7. Guest posting - my list of favorites sites to get published in
  8. Conferences - the blisg list of events to attend throughout the year
  9. Prospecting - tips for email/phone
  10. Webinars - best practices
  11. Advertising - where to advertise your message including my list of industry related sites
  12. Your Website - tips to maximize your own site
  13. Influencers - my list of the best industry pros to engage if you want help marketing your product

A Tale of Two Linkedin Visual Job Ads

Since taking over the strategy and execution for ACLcareers.com I have been on a mission to make their social recruiting more visual than ever before. I launched channels on Facebook, Twitter and Instagram and took over a dormant Linkedin company page with around 5,600 followers.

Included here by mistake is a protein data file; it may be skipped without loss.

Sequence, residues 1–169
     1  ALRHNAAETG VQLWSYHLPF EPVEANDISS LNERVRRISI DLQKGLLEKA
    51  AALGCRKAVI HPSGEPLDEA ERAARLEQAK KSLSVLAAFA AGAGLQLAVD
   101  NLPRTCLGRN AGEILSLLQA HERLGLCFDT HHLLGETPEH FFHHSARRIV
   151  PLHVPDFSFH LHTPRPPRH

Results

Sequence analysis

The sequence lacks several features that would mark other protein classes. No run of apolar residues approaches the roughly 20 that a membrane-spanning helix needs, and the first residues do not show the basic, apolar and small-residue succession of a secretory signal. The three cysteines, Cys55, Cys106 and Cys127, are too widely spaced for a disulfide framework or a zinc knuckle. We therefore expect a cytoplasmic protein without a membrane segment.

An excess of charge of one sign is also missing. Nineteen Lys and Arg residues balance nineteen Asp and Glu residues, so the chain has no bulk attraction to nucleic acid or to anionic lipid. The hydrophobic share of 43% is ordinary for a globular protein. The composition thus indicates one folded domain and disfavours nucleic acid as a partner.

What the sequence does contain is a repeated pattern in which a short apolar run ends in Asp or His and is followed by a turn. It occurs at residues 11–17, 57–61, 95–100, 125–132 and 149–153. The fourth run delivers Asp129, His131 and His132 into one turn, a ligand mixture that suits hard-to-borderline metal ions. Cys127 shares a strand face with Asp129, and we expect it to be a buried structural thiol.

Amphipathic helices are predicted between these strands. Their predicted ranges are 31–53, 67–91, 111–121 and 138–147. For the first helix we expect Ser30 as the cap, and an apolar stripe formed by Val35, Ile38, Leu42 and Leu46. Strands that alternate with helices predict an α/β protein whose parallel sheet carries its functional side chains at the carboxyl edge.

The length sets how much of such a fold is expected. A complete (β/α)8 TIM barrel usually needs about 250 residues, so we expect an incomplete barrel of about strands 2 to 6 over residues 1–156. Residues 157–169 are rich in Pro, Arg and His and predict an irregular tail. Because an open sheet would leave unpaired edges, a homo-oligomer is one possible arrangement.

I began sharing 1-2 images per day on Linkedin and in the 6 weeks of doing that we've gained 350+ new followers. Comments, likes, shares and engagement has skyrocketed.

My strategy has been to show off life at the company, welcome new employees, tout the occaisional news byte and promote our priority job openings in a visual format. I want the page to drive brand awareness and of course hires.

I've been posting real images and also visual job ads that I make myself. After posting a few dozen images I began to notice which ones got more impressions, likes and comments. The results surprised me a bit.

First lets set our averages so you get a better idea of how many impressions you can expect. Our posts average around 2,800 impressions each. Thats with a follower count of almost 6,000 people.